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I have a small business. I hired my 16-year-old daughter to do the clerical work. Paid job or chore, either way get the children involved with the family filing. Let them learn early about the paper wars!

Kathie Spencer

If you have a scanner, I scan my articles and put them in a file on my computer…or put them on a disk.
Kathie, IN


I’m at the point where I am so sick of having “go through stuff” on my to-do list, I’m finally doing it. Cleared out seldom worn clothes, including shoes, socks, undies last weekend; dumped old make-up; made a “first pass” at a lot of the papers in my office (shredded most; created a “to file” pile). In my new life I will have time to do things I like, and not the ever-nagging burden of clutter.


Suggestion for Nancy, re: clipped magazine articles.
Don’t become my mother! Save yourself while there is still time!
Seriously, they write the same articles every month – “how to lose weight” “how to paint a chair a cute spring blue” “how to know what your man is thinking”. Don’t try to organize them, you’re not as good as a library. When you want them again, go to the library. Type a list on your computer with the date of the magazine and the article name, if that helps you to throw it out – then you can find it in the library if you really want it later. More likely, you’ll get tired of keeping the list, and just decide to throw it out and have lunch with a friend — good choice! Continue to remind yourself that it’s not your job to archive the world’s knowledge. You have a life to live – go forth and live it. 🙂


Nancy, I used a binder to file my pictures and articles that I had been saving for my ‘dream house’ ideas. I cut out the information/picture that I wanted to keep and placed them in sheet protectors. At the first of the year, we met with a home builder to discuss our ideas. I found that showing him pictures helped us to better visualize and discuss what we were wanting. We are hoping to start the house in the next year.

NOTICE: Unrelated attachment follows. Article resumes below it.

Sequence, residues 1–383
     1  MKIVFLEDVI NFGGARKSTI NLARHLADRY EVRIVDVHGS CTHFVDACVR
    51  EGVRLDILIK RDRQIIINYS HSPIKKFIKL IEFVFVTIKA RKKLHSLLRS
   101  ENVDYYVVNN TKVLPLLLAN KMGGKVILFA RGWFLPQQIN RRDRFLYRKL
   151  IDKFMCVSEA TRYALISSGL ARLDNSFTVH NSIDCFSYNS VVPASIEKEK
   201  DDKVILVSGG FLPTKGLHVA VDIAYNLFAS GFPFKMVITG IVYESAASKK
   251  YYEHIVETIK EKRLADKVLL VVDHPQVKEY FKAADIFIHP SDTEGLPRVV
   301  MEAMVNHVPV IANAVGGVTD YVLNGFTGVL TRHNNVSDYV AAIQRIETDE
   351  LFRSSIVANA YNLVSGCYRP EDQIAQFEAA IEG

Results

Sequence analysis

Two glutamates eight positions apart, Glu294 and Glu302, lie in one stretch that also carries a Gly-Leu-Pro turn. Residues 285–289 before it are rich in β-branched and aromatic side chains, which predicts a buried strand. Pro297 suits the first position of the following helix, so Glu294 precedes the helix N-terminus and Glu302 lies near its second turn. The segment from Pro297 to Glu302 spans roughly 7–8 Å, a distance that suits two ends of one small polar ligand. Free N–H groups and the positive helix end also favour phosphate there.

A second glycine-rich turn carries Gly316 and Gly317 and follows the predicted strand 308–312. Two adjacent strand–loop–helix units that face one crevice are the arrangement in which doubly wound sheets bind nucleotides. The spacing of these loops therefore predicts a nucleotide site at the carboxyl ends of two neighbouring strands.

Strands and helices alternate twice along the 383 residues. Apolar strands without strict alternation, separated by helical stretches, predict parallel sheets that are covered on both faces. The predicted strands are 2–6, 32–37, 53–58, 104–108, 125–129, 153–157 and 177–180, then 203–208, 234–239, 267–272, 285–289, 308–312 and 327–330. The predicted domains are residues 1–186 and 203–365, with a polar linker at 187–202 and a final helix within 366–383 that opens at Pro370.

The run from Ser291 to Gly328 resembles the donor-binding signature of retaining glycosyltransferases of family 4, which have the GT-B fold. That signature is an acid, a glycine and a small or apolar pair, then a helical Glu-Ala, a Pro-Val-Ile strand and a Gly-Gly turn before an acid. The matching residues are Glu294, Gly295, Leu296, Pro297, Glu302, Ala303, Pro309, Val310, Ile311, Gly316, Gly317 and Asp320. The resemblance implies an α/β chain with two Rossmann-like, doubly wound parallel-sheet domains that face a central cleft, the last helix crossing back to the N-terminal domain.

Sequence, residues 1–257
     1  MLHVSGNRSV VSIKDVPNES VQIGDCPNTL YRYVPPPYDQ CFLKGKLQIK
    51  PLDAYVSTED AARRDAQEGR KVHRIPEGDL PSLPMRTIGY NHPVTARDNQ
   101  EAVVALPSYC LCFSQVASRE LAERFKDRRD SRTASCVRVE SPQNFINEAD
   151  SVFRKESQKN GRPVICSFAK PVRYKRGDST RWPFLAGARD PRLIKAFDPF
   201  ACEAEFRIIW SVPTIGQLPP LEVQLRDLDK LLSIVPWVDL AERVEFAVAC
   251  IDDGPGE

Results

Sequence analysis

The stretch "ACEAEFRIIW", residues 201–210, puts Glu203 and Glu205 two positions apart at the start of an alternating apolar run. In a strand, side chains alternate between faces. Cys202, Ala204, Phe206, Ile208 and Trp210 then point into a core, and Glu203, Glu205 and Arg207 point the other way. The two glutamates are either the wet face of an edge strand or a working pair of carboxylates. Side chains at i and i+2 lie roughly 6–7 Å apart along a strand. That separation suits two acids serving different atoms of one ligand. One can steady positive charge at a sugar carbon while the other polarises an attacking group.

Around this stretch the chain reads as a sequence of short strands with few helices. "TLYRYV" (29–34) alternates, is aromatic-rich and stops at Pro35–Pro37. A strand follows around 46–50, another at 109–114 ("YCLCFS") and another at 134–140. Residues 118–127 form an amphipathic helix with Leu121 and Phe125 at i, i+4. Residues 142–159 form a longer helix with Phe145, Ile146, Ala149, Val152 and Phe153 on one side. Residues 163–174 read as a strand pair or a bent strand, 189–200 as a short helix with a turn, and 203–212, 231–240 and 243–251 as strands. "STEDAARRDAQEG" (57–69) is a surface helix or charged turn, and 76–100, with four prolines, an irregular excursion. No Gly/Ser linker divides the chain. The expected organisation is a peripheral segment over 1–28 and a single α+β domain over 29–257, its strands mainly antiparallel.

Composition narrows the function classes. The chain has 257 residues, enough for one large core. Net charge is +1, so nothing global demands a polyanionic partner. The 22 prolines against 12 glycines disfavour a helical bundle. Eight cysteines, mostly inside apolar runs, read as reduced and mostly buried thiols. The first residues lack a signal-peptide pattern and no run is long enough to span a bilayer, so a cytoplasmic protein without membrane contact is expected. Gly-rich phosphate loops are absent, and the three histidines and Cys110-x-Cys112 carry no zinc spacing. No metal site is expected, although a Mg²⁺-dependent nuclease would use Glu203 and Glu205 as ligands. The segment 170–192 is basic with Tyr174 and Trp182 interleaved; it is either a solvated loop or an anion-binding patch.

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I wanted to keep and placed them in sheet protectors. At the first of the year, we met with a home builder to discuss our ideas. I found that showing him pictures helped us to better visualize and discuss what we were wanting. We are hoping to start the house in the next year.

Ann Landau

I recommend Evernote and a a small Fujitsu scanner. I have no connection to these companies except as a happy user. Evernote allows me to save papers in that amorphous category called ‘maybe I will need this at a future date.’ and throw out the actual paper! I save things from the web. I save all my emailed receipts as well as scanning my paper ones.
I can also leave voice memos, save photos, and just use it as a journal. Evernote works on your computer, PC or Apple. It also works on tablets, and iPhones and Android phones. It has saved my sanity re papers. Check it out!


To Nancy: If at all possible, instead of clipping the pages out of magazines, see if you can find it online and pin it on Pinterest. No scanning necessary.